Stephen Dolan: I really think that just going too big, utilizing too many tags, too many perspectives, too much automation, specifically like integrating with other tools. Something that I've come to in the last year or two, as you start working with all these other systems, because as time goes on, there's just more and more products that are, oh, you can keep all of your development tickets here and all of your support tickets here and all your meetings here. And everything is trying to pull your external brain, which is OmniFocus for me into a million different places. So there's this poll that I think is a mistake you can make of, well, if a ticket gets created in Jira or Linear, whatever people are using these days, let me type it into my OmniFocus and I'm going to duplicate it all there because that's my external brain.

Stephen Dolan: I think the place where I've come to now is I have a daily repeating task, check my Jira tickets, check my Linear tickets, check my Pipedrive tickets, whatever external systems you, or your company, or your spouse uses, you can still have it in OmniFocus. And that can be your external brain where you know I'm not going to miss this. I live in OmniFocus. And as long as I tick the box every day, I know that I've done it. And I know I'm not missing anything without having to build this kind of house of cards of integrations and things that no matter how good you are at developing them, no matter how much help you get in the Omni Slack from really smart people who do this all day, at some point, it's going to fall down. It's going to break. You're going to have to maintain it. You're going to go on vacation. It's not going to work. And I think keeping it simple is, that's probably the main thing I would advise. And it's the mistake I've made many times, is making it a little bit too complex.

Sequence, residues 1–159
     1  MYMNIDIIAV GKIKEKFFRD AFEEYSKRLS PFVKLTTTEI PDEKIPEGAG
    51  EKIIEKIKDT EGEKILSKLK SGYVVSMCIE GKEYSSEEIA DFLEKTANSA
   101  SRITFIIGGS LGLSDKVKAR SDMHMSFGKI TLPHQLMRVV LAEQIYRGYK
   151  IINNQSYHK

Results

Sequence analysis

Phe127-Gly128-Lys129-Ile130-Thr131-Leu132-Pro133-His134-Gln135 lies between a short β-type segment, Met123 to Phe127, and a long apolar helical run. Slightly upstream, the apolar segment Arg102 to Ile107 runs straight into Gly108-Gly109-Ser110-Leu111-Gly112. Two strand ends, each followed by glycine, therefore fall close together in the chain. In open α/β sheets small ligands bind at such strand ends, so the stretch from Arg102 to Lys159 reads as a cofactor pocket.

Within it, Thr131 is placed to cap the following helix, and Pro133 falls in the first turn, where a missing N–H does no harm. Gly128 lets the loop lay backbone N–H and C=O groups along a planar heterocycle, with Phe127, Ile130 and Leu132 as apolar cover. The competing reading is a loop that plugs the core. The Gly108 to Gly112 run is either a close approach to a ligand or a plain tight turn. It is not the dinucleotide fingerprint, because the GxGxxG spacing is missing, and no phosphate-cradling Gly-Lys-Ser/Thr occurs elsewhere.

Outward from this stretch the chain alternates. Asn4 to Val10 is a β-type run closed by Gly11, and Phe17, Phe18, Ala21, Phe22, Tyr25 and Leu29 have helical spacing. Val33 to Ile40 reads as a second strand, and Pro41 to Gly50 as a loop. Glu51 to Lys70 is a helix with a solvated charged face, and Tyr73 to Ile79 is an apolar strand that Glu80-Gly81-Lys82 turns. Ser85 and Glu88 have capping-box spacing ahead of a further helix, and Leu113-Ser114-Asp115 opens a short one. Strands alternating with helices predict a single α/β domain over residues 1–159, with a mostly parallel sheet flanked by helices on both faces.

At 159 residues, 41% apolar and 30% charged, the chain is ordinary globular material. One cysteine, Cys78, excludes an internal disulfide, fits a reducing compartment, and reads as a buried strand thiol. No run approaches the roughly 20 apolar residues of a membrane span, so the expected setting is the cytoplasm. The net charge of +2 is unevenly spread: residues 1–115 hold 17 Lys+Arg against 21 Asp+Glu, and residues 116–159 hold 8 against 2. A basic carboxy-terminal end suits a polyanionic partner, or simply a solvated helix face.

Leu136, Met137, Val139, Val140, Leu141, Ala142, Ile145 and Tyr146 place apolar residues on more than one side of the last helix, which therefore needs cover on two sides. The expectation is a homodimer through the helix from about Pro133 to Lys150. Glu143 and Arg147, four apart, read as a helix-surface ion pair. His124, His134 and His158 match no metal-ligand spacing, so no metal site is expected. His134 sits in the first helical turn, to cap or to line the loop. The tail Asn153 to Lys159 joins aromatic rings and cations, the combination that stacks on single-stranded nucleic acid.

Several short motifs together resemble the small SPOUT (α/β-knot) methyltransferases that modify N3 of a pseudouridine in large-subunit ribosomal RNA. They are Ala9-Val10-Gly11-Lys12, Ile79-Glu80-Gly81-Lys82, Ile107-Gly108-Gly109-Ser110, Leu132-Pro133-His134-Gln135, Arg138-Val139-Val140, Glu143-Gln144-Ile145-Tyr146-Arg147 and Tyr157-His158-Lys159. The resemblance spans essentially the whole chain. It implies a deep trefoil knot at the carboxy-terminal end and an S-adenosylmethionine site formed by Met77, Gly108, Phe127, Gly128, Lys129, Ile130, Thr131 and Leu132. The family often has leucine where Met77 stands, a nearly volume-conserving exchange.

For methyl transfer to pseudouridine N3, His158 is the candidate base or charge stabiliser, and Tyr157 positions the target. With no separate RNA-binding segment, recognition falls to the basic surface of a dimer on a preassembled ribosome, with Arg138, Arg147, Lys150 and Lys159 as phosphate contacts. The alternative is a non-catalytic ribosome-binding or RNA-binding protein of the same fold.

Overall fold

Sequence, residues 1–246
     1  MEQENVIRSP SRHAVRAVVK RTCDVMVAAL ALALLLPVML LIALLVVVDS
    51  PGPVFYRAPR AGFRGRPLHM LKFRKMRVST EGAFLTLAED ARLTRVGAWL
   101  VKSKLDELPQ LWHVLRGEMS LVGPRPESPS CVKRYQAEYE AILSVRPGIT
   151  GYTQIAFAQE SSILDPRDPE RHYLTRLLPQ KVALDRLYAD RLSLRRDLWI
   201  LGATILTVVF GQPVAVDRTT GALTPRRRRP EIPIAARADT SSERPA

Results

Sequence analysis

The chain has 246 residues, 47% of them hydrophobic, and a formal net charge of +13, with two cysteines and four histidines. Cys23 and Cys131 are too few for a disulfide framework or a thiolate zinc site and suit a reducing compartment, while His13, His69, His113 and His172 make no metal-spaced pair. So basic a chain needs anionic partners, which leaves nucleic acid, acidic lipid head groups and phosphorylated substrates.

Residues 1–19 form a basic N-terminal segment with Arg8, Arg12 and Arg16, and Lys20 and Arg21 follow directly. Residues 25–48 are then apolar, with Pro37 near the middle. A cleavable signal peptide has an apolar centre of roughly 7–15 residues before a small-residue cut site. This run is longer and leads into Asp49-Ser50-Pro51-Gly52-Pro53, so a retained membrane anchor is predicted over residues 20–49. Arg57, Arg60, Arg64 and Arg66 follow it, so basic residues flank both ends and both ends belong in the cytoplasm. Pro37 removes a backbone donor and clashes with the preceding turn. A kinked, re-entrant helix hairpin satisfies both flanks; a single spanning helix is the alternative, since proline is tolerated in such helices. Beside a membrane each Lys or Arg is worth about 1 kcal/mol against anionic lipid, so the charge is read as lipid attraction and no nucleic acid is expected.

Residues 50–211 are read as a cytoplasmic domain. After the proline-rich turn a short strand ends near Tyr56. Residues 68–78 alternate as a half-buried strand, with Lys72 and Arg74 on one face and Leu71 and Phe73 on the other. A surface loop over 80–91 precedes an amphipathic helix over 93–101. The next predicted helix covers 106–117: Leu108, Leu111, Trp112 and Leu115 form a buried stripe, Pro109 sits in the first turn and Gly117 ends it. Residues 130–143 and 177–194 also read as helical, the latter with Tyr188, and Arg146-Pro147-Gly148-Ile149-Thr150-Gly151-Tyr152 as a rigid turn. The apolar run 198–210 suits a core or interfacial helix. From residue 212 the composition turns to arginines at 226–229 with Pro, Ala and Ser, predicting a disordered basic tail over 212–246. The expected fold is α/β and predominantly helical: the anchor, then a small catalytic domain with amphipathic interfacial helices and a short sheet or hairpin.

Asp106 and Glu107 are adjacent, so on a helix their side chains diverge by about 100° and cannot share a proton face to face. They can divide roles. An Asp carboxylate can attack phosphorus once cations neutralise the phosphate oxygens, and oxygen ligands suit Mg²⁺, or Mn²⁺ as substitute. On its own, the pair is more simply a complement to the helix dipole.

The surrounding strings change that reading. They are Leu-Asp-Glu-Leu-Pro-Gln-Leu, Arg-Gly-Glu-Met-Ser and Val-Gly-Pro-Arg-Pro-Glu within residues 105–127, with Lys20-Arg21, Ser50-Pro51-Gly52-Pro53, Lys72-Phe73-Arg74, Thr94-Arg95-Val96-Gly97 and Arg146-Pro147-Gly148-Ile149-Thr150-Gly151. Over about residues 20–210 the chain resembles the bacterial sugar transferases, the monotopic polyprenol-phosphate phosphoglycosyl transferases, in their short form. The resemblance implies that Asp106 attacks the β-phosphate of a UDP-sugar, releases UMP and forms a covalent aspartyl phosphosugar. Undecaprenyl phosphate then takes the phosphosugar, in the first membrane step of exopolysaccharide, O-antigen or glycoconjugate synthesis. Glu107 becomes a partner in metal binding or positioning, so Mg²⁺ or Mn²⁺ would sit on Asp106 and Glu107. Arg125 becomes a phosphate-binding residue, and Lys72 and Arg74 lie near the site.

Andrew J. Mason: Now the other side of this coin, the dangers of kind of overdoing the complexity or making things more complex than they need to be. Is there anything that you feel like is really unique to you and your system? So I've looked all over the internet. I've seen blog posts and how people do things. This one, I haven't really come across. This is just the way that I do it in my system, but I don't see anybody else doing it this way.